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The new year always brings a new opportunity for change, and this year more than possibly ever before, many of us feel there’s some room for improvement in our lives.
Whether you want to increase your physical fitness, or further develop your relationships or work-life balance, January is an excellent time to take stock and set goals. If you have a sense that something is missing, or that you could feel stronger, more fulfilled, or more at peace, what realistic changes can you make that might bring you balance?
Here are some simple and effective steps you can take to make this year the year you feel your best in body, mind and spirit.
Remember, change can be challenging, but moments of transition are the perfect times to get plans in place to help yourself and your family feel whole.
See Your Primary Care Provider
Make an appointment with your primary care provider and initiate an open and honest conversation about your real health goals and what you and your care team can do to achieve them.
Tell your doctor: ‘I’m ready to change, to maximize my health, and I need your help."
Talk about your emotional and mental health and any concerns you have there. How is your attention span? Are you overly tired? It’s all connected to your overall wellness.
Your doctor will likely start with a physical to get baseline numbers for blood pressure, blood sugar, cholesterol and other important measurements. That way, you can track your health progress and make lifestyle or medication modifications if necessary.
To find the right primary care provider for you, visit the physician finder and search in your area.
According to AdventHealth primary care provider Dr. Matthew Ho, "Nothing symbolizes change quite like the New Year. The whole world celebrates with lights, music and fireworks unlike any other time of the year- all in celebration of moving forward. Moving forward is the only choice- after a year in which many of us spent in health uncertainty- let us all learn from the year and commit to refocusing on our general health. Visiting your primary care physician could be your first step."
Make a plan and then get active and make it a quick enough pace that you can’t hold a conversation. Do it every day for 30 minutes.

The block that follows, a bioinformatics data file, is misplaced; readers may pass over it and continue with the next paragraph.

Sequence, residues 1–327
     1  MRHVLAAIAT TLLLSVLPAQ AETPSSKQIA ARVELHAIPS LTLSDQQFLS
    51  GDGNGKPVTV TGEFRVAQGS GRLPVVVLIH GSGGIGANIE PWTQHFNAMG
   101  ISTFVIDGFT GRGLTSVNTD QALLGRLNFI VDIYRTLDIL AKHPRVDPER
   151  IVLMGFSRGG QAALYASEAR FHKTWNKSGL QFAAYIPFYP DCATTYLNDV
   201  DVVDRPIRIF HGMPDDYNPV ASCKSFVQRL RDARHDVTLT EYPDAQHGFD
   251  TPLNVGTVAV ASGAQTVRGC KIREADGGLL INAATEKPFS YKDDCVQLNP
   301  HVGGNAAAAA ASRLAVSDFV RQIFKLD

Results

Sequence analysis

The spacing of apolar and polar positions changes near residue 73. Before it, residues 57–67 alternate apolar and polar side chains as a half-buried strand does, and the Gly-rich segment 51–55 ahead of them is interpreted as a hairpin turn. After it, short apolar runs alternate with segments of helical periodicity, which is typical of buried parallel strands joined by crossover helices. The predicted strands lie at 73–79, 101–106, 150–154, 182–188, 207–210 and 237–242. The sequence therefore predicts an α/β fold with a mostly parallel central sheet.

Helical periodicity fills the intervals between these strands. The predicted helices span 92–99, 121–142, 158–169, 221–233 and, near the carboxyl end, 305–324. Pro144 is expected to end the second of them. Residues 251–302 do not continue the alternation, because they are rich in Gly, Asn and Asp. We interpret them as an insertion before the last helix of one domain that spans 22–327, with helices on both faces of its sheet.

You won’t believe how much better you’ll feel meeting this goal. Getting started is as simple as walking in one direction for 15 minutes and walking back. Do whatever it takes to make time — it’s not an exaggeration that regular exercise greatly improves your whole health.
Rest When You Need It
Physical activity is important, but so is rest. Without the right kind and right amount of sleep, you cannot function, recover, get healthy, stay healthy, control weight or keep your sanity. You need 7 – 8 hours per night, and if you’re not getting it, your doctor needs to know.
If you do feel like you’re sleeping but are still tired, that’s a problem. People think significant fatigue is a natural part of aging, but it isn’t. If you’re waking up tired, you may have a treatable sleep disorder. It’s easy to find out.
Eat, Hydrate and Be Healthy
Get your doctor’s nutritional recommendations based on the findings of your physical. If you need to lose weight, prepare healthy meals in advance so that you’re not tempted to eat out or grab quick, processed food. Drink water — a lot of it — and let that be the majority of what you drink.
Hardly anyone drinks enough water. The benefits of hydration are real. Challenge yourself to drink 64 ounces a day for a week and see how you feel.
By setting realistic and trackable goals for the new year, you’re more likely to stick with them and stay motivated.
Nurture Your Mental and Emotional Health
It's natural to want to leave behind the stress and negativity from 2020, but also important to recognize that a new year may also bring new challenges. Give yourself grace as you navigate these changes and watch for signs that stress and anxiety are having physical and emotional consequences in yourself and your loved ones. Warning signs include:
- Anger or irritability
- Feeling burned out
- Lack of motivation
- Physical reactions, such as headaches, pain, stomach problems and rashes
- Sadness, hopelessness and depression
- Trouble concentrating or sleeping
- Worsening of chronic or mental health conditions
When you start to notice these red flags, get proactive about managing your stress by reaching out to loved ones and doing activities that you enjoy. You can also reach out to mental health professionals.